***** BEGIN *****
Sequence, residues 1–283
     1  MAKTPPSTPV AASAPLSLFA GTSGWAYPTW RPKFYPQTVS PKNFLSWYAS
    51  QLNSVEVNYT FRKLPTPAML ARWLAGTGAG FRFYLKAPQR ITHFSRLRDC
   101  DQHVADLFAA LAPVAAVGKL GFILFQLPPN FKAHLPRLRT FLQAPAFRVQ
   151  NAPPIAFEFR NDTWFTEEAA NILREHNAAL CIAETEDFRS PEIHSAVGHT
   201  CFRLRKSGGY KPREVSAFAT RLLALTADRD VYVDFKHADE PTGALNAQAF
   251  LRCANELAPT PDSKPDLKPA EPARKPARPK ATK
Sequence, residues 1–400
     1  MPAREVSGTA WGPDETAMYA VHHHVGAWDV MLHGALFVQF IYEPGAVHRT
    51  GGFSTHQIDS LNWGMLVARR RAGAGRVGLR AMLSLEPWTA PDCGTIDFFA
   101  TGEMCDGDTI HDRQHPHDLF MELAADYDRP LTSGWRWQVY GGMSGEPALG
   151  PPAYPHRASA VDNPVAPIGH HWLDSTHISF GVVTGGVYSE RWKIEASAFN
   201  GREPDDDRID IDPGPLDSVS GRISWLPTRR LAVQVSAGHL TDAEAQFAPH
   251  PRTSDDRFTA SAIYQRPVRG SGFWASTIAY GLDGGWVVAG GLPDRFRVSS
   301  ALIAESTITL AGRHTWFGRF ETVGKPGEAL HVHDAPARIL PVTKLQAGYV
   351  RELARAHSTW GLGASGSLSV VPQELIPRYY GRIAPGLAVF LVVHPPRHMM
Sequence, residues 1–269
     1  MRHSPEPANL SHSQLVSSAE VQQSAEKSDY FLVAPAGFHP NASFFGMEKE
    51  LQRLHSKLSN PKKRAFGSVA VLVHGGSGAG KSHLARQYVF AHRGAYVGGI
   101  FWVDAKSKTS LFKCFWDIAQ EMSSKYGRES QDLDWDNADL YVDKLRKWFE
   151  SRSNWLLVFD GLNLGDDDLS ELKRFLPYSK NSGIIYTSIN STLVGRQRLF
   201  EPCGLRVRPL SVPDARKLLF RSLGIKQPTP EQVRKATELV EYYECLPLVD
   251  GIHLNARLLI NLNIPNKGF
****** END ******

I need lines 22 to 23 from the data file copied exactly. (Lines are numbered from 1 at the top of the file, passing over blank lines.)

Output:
   201  EPCGLRVRPL SVPDARKLLF RSLGIKQPTP EQVRKATELV EYYECLPLVD
   251  GIHLNARLLI NLNIPNKGF